“I despised wearing my brace to school even more so because of how uncomfortable it was to sit in such small desks with the brace on,” she continued.
But she was able to bring a small pillow to school for back support, thanks to a nurse’s note, but it brought “a lot” of “undesired attention and questions.”
Still, she would be open to share about her diagnosis, but would usually have to explain further because “very few” people were familiar with scoliosis.
“Looking back now, I see it as an opportunity I was given to educate others on the condition,” Oller said. “However, I was very embarrassed of my condition. It took quite some time of sharing my experience with others before finally meeting somebody else who was at least familiar with the condition.”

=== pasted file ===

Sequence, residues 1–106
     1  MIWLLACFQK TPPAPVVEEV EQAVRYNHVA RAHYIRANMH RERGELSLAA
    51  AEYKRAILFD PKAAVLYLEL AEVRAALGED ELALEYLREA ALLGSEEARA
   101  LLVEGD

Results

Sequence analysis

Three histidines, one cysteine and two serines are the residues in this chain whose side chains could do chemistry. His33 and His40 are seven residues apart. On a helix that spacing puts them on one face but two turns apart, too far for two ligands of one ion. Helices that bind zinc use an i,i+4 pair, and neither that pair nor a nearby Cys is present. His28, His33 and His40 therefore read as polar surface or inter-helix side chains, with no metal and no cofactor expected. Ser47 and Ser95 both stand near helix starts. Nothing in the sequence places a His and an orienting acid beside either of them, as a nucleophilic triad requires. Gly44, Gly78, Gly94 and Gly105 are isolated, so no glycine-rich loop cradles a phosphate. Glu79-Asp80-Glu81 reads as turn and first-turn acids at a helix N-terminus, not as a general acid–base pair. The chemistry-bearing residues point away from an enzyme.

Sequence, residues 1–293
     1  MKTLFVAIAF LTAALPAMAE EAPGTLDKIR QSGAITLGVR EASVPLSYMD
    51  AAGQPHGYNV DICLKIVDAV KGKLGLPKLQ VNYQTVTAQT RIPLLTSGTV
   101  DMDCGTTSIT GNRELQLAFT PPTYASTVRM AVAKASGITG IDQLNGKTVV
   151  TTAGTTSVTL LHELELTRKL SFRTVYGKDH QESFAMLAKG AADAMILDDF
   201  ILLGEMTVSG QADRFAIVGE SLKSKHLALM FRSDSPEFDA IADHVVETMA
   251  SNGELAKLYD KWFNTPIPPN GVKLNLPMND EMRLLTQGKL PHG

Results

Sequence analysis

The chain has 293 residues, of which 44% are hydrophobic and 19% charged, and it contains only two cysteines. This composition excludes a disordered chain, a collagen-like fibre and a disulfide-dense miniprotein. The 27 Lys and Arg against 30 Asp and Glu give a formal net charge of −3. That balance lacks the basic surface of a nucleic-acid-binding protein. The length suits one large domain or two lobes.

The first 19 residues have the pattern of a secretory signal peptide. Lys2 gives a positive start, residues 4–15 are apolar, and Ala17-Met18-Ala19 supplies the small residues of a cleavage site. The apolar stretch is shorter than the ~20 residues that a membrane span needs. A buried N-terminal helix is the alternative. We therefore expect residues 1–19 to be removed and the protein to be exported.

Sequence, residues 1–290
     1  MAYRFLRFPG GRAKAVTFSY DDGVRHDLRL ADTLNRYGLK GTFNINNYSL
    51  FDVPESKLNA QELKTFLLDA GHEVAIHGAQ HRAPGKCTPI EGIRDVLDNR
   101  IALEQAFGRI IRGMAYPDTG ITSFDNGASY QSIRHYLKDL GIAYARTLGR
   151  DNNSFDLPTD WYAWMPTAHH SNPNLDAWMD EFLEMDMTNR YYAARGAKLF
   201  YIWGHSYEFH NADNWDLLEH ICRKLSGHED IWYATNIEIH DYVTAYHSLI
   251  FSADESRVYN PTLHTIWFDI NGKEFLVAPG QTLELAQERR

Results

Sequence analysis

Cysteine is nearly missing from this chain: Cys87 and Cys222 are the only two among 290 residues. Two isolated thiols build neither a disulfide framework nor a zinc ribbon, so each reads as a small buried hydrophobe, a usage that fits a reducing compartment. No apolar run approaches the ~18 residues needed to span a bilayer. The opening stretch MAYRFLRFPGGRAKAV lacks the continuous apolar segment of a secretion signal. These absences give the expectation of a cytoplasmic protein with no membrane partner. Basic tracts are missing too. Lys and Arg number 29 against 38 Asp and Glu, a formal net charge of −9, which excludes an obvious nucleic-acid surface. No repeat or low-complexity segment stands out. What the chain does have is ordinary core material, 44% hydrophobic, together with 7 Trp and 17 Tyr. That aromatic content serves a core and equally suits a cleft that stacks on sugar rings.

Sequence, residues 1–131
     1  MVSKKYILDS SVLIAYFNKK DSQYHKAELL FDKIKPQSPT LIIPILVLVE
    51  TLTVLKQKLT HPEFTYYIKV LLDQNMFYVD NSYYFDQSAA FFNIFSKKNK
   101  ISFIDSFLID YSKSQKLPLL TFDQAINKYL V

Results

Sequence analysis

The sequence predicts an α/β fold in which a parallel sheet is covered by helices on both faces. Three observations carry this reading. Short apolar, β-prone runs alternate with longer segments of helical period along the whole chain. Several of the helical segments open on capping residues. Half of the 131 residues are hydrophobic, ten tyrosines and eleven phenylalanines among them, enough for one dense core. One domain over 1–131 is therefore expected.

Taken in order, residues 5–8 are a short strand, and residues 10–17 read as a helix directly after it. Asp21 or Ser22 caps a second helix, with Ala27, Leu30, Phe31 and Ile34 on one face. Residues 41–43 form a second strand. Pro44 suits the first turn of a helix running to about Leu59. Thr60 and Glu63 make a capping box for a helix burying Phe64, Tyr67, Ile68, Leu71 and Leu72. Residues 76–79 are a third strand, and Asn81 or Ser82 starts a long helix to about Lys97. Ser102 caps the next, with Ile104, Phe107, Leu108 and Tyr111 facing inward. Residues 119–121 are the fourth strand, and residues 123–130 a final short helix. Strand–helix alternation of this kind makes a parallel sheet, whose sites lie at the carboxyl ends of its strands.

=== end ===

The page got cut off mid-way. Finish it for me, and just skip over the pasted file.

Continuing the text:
“For a while, I hadn’t known anybody else who had scoliosis or who had worn a scoliosis brace and I felt like such an outcast because I had nobody to relate to in that aspect.”
People would point and whisper to their friends as they walked by, making her feel very insecure, but she said she had a good support system to help her through it.
Now, Oller said she continues to suffer from significant back pain, and it worsens if she stands for extended periods of time or walks long distances.
But despite the pain, she’s thankful for her experience.
“My experience has helped me develop resilience but also grow more comfortable with being vulnerable. I’ve learned I shouldn’t be ashamed of my condition or any other experience I undergo because although it doesn’t define me, it forms part of who I am,” she added.
“To those young children in school, you are not alone and there is nothing wrong with you!
“As a community and in schools, we should teach students more about medical conditions, disabilities, but more so a condition that affects more than 600,000 children and adolescents every year.
“We’re hoping with our experience, it helps anyone going through the same thing.”